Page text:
Pilea Depressa or Shiny Creeping Charlie. That ladies and gentlemen is the name of this plant- that caused quite a stir on my Instagram yesterday- and I am holding my stomach and laughing my guts out because I have a friend whom we call Charlie and I am certain she will laugh out her lungs too when she reads this. She absolutely must have a cutting of this and I shall remember to do this when I visit her next. Shiny Creeping Charlie! Hahaha, what is this, some supernatural cocaine? You want to the other names? Giant Baby’s Tears. What kind of funk are these botanists smoking? Like seriously! Shiny Creeping Charlie?

But for now, this is the plant that you should be looking for when you want some creeper-drama in your home, and most nurseries would know it by the name of Pilea. Pilea, not piles. One alphabet here and there and you’d be sorry for what you asked. P-I-L-E-A. Remember!

But then, just getting them is not enough. Taking care of them is of utmost importance if you want your Pilea Depressa to thrive, and though fairly simple, there are a few do’s and don’ts that you must keep in mind.

How to take care of Pilea Depressa

Pilea Depressa or Shiny Creeping Charlie prefers being in partial shade. Though I have heard some of them prefer direct sunlight I have found my love partial shade because the leaves dry up if I leave them in direct sunlight. So the first DO in your list is to see where it prefers being.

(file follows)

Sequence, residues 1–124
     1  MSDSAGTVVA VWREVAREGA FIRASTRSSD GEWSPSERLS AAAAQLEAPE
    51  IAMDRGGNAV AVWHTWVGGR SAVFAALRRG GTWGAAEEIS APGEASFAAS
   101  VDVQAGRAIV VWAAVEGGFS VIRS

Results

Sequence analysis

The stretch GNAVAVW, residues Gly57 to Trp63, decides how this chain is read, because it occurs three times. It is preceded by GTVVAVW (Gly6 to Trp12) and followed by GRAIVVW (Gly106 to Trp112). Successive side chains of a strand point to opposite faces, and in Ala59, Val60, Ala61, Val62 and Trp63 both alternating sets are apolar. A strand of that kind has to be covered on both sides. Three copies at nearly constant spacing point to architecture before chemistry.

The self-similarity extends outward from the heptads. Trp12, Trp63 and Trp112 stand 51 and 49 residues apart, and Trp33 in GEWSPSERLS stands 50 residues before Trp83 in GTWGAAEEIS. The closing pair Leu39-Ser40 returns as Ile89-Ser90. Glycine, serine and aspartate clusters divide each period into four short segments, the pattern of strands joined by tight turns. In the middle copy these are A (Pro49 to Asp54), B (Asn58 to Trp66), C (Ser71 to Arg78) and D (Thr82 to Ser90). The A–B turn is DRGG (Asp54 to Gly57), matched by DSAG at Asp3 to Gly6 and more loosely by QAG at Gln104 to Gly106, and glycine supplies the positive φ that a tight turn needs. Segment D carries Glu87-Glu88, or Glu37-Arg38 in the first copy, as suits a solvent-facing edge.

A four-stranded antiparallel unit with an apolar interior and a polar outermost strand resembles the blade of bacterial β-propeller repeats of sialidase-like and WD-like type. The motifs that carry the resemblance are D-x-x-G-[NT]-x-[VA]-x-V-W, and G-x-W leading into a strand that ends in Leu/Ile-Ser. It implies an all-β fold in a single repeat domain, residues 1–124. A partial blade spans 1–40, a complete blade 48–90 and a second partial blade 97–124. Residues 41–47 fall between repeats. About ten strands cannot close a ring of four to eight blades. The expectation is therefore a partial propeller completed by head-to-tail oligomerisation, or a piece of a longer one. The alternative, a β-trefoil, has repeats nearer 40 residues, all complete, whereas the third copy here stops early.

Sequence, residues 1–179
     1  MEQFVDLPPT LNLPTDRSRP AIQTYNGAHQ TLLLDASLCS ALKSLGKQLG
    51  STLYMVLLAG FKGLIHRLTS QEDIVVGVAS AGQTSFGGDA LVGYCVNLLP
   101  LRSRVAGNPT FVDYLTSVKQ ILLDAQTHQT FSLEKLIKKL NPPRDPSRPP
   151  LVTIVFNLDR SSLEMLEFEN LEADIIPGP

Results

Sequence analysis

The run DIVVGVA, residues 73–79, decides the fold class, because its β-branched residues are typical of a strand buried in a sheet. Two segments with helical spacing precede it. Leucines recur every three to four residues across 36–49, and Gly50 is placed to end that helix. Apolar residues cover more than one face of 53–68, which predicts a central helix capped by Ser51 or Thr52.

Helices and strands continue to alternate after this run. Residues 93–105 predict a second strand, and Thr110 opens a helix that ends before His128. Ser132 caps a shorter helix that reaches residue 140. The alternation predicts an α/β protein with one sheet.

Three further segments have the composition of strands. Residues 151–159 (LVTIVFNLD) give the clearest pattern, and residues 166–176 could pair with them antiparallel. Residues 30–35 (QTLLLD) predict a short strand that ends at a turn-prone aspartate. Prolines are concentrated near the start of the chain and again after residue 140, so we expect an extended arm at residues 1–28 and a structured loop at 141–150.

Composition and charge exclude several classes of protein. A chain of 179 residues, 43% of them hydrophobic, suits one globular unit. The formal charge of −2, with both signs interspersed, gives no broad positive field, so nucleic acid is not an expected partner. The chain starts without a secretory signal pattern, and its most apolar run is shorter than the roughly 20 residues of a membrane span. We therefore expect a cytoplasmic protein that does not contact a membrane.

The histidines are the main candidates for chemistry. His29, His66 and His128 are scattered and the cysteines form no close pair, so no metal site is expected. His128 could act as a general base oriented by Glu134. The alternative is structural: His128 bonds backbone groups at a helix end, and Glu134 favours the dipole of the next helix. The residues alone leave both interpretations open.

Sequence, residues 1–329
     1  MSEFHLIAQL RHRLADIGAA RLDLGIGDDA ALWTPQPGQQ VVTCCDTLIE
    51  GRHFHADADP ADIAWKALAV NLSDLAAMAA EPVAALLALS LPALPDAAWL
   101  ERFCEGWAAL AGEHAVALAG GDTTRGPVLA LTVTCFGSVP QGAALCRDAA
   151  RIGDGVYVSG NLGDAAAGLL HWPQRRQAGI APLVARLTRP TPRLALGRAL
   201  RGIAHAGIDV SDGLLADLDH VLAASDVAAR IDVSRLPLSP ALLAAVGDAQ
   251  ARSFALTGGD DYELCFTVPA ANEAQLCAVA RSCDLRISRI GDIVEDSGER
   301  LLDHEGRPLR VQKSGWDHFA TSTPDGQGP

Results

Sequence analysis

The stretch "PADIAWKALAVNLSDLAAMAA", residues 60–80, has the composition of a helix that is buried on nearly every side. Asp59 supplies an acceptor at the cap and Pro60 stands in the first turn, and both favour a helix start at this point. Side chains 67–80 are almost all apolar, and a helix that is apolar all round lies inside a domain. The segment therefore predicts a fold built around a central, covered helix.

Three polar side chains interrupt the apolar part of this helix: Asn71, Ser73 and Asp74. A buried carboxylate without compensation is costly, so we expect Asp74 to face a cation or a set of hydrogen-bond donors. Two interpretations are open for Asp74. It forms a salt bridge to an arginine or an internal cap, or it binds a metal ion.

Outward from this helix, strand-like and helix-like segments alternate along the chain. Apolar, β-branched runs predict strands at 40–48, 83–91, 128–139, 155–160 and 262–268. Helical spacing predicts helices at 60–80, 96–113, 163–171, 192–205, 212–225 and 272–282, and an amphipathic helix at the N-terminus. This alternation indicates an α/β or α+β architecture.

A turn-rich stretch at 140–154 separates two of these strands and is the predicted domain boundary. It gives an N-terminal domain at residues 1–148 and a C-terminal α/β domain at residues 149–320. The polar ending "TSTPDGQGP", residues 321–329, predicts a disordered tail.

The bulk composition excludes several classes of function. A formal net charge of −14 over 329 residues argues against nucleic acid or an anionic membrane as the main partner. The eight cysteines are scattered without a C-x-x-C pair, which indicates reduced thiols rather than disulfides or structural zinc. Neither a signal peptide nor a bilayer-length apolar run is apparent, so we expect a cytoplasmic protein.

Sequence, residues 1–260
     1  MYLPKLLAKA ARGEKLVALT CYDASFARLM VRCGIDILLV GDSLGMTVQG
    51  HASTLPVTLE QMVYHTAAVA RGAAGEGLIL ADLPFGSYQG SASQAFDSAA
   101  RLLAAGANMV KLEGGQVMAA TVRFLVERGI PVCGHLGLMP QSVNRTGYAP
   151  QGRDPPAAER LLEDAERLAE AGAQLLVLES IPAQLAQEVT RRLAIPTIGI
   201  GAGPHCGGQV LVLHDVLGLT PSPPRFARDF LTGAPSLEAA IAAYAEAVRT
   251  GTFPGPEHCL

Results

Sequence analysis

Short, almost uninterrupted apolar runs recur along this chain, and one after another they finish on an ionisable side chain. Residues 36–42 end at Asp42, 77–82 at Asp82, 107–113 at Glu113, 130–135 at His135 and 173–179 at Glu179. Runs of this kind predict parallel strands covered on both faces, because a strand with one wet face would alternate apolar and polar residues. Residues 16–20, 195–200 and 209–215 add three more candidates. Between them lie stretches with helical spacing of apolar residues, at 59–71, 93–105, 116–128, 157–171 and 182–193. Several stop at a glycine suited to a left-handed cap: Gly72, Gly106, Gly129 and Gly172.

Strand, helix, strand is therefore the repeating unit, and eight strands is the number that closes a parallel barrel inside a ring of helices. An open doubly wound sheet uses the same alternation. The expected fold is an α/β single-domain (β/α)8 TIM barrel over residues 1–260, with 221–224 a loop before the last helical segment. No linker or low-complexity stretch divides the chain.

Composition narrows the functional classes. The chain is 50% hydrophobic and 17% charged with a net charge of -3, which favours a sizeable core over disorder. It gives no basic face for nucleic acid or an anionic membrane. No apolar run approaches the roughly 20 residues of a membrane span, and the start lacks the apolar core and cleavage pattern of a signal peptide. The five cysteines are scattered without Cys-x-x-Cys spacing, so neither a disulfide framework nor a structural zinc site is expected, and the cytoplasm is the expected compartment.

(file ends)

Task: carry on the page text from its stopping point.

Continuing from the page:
If you are keeping them indoors, a weekly watering of twice does good. They are tropical plants and love moisture in their soil, and in the overall environment- which is great for us Mumbai people because moisture is one thing we never run out of.

You’d ideally want to hang them because the leaves fall beautifully but I love them on my wardrobe and that is one way you can jazz up your wardrobe tops especially if they are on plain slight. However, always take them out in the balcony, water them and get them back after a few hours. A plate beneath the Pilea might contribute to root rot.

As for the soil, I use potting soil for almost everything except hydrangea and add a couple of spoonful of compost every month and that is enough to keep them going. No other nutrients are required. You can use partly sandy soil too but never soil that clumps.

Propagation: Root in water

Pilea Depressa is pretty easy to propagate and they root in water. Take cuttings between two nodes and keep the clippings in water for about a week. Once the roots start developing, poke them in a planter filled with semi-moist soil and water once weekly.

I have added a few stems in water to keep you updated through the process and hopefully I’ll be able to give you all more updates on my gram. If you are not following me, you should coz unfortunately, that’s where the action is.

Talk about people and their lack of reading habits. Haha, I’m only kidding.

Happy Friday to you



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